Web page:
The Northwestern University Feinberg School of Medicine is currently researching alternatives to getting vaccinations without having to get a shot.
On their website, they claim, “instead of a dreaded injection with a needle, someday getting vaccinated against disease may be as pleasant as drinking a yogurt smoothie.”
The alternative they’ve developed is an oral vaccine made of probiotics (the healthy bacteria in dairy).
At first, I was skeptical. Although I don’t particularly like to get shots, I’ll do so because it means protecting myself from things like influenza and HPV. However, the research claims “this new generation vaccine has big benefits beyond eliminating the “Ouch!” factor.”
Here are some of the key benefits of the new oral vaccine:
- Probiotics are natural, and replace the chemicals found in typical shots which often give unwanted side effects such as nausea or dizziness depending on the vaccine.
- The probiotic oral vaccine is more cost effective to produce, which is important because according to Discovery Medicine, “Vaccine-preventable diseases are still responsible for the deaths of more than 1 million children under the age of 5 years annually, mostly in developing countries”
- By swallowing a vaccine instead of injecting it into a muscle, Associate Professor of Medicine Mansour Mohamadzadeh claims, “you are able to harness the full power of the body’s primary immune force, which is located in the small intestine.”
“You swallow the vaccine, and the bacteria colonize your intestine and start to produce the vaccine in your gut,” Mohamadzadeh said. “Then it’s quickly dispatched throughout your body. If you can activate the immune system in your gut, you get a much more powerful immune response than by injecting it.”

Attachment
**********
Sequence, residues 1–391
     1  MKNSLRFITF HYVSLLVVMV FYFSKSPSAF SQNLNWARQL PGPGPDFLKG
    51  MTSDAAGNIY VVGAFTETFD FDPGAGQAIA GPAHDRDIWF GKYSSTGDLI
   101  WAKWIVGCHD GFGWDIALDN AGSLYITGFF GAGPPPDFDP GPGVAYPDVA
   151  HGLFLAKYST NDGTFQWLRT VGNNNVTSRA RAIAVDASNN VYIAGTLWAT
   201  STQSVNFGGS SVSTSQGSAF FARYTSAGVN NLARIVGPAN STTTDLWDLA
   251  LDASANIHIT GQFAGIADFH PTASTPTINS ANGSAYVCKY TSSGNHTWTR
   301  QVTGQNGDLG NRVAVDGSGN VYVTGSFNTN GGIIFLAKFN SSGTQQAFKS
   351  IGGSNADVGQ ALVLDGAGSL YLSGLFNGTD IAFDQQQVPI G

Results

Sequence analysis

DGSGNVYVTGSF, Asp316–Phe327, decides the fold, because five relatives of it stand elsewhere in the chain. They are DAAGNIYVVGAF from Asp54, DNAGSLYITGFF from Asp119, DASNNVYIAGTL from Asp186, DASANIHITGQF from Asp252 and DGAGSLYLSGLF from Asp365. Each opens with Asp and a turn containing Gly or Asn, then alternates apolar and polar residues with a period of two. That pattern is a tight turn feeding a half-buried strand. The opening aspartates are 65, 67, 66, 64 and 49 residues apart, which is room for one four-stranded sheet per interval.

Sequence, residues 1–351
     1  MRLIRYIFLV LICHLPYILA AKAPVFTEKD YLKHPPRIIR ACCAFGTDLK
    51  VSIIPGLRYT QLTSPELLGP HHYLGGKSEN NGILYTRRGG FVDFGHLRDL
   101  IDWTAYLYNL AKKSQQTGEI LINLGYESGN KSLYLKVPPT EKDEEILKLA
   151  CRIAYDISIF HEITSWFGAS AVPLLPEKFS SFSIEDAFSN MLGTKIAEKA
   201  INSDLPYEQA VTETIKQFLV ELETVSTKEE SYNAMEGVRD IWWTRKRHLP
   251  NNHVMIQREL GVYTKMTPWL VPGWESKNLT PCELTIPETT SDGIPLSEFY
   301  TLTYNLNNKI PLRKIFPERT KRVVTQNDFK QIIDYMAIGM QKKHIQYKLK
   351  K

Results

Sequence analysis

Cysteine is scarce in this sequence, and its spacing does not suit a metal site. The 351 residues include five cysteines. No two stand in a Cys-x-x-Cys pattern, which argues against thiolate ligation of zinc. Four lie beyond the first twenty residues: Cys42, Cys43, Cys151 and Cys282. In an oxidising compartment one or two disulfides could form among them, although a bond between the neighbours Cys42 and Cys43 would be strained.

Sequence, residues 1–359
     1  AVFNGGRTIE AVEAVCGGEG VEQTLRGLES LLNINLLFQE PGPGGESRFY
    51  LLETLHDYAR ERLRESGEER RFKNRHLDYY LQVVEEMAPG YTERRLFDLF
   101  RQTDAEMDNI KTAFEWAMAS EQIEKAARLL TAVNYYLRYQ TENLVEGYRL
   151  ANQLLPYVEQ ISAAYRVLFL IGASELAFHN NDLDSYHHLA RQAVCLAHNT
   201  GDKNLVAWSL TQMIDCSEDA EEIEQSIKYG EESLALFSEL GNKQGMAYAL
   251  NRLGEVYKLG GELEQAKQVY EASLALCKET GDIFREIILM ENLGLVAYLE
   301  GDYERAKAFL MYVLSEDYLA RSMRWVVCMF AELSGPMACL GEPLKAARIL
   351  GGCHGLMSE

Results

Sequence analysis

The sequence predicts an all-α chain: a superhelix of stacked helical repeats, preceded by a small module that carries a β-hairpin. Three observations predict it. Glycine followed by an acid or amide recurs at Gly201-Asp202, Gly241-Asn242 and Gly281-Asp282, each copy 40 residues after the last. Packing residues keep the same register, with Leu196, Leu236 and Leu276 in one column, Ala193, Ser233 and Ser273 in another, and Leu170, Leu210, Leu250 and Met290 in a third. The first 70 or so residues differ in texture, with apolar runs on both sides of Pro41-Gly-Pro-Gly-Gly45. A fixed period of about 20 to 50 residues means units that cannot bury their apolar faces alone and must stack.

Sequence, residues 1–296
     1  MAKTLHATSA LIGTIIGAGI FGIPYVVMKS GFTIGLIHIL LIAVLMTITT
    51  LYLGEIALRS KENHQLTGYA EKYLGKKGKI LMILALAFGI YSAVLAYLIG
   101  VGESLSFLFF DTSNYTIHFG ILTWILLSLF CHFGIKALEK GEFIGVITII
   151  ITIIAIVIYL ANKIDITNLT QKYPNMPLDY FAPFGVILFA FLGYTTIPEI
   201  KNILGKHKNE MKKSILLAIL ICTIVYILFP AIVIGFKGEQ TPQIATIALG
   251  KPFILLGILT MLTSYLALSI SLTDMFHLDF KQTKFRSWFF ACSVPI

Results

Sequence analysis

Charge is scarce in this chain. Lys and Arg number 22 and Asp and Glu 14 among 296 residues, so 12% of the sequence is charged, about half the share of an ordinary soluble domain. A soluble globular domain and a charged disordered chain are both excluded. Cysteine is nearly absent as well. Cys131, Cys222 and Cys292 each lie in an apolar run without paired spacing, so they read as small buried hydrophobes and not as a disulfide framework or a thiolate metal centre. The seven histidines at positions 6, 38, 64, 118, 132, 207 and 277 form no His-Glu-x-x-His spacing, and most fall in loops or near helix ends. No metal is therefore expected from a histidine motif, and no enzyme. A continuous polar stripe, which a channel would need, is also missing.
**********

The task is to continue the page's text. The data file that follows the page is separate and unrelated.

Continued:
Mohamadzadeh and his team at Northwestern conduct an experiment where they fed mice their oral anthrax vaccine, and then exposed them to anthrax bacteria. And the hard end point they published was impressive, with eighty percent of the exposed mice surviving.
In conclusion, the experiment proved “the immune response was higher and more robust than with the injected vaccine,” said Mohamadzadeh.
While the results from this experiment seem promising, only the success rate was published, which poses some serious questions. This leaves an insurmountable amount of unknown variables that could discount the findings of this experiment.
For example, were all the mice that were exposed to the vaccine the same age and gender, or was there a variety? Was there a control group? Without more information it would be easy to write the results of this study off as a false positive.
Without more information on this study, it’s difficult to determine if the results are an indicator of how the oral vaccine works.
However, The National Institute of Health remains optimistic, and calls this possible vaccine break through “the use of probiotic bacteria (…) an exciting new approach.”
Only time will tell if the probiotic oral vaccine is the next big thing.